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C.D. Warner, et al., comp.
The Library of the World’s Best Literature. An Anthology in Thirty Volumes. 1917.


By Charles Stuart Calverley (1831–1884)

FOREVER! ’Tis a single word!

Our rude forefathers deemed it two;

Can you imagine so absurd

A view?

Forever! What abysms of woe

The word reveals, what frenzy, what

Despair! For ever (printed so)

Did not.

It looks, ah me! how trite and tame;

It fails to sadden or appall

Or solace—it is not the same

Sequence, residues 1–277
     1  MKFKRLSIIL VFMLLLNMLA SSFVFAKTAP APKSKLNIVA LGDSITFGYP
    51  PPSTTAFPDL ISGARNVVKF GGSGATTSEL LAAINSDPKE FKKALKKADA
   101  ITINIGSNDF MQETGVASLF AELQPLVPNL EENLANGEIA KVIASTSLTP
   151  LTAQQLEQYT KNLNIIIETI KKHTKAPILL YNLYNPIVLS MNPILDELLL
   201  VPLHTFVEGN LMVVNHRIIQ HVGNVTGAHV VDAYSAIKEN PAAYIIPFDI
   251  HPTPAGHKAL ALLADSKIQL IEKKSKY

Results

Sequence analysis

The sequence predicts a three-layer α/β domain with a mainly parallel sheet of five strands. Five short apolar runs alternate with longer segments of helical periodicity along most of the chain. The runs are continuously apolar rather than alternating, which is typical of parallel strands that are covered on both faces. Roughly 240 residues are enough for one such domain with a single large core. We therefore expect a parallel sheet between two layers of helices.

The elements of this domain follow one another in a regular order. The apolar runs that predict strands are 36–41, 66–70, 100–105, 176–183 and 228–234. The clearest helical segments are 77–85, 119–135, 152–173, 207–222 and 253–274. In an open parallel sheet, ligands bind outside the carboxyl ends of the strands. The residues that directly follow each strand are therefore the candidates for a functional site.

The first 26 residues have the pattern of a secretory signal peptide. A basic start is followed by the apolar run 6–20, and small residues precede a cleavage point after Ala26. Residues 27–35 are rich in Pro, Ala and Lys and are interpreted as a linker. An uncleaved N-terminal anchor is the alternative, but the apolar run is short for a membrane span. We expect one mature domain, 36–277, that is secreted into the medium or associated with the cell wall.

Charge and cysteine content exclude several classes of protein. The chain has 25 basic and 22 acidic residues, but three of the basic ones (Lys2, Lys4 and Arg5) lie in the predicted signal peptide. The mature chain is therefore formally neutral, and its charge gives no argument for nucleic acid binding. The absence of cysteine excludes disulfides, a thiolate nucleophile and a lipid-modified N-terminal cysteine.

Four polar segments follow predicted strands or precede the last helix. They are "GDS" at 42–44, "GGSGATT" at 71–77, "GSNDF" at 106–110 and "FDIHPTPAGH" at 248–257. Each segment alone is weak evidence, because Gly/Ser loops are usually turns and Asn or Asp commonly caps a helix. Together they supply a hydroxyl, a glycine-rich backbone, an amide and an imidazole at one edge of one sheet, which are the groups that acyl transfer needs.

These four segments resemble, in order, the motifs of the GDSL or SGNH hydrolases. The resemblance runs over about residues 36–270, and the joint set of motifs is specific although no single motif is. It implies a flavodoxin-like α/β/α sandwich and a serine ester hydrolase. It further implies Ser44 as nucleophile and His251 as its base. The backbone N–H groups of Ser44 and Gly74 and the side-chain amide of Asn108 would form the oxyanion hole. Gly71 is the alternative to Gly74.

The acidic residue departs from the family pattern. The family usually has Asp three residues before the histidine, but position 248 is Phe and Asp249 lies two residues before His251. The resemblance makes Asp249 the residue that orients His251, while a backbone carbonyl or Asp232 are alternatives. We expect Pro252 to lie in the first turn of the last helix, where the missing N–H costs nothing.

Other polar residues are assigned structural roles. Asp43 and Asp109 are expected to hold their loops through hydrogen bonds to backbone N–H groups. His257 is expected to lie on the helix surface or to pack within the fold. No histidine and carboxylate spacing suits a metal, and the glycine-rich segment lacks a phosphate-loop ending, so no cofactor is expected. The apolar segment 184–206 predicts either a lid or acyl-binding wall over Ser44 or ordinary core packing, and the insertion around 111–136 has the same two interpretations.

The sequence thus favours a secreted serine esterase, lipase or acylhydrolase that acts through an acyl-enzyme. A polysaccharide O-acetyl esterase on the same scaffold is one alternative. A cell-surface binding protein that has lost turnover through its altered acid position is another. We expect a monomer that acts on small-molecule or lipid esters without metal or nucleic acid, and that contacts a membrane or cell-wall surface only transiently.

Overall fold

At all.

O thou to whom it first occurred

To solder the disjoined, and dower

Thy native language with a word

Of power:

We bless thee! Whether far or near

Thy dwelling, whether dark or fair

Thy kingly brow, is neither here

Nor there.

But in men’s hearts shall be thy throne,

While the great pulse of England beats:

Thou coiner of a word unknown

To Keats!

And nevermore must printer do

As men did long ago; but run

“For” into “ever,” bidding two

Be one.

Forever! passion-fraught, it throws

O’er the dim page a gloom, a glamour:

It’s sweet, it’s strange; and I suppose

It’s grammar.

Forever! ’Tis a single word!

And yet our fathers deemed it two:

Nor am I confident they erred;—

Are you?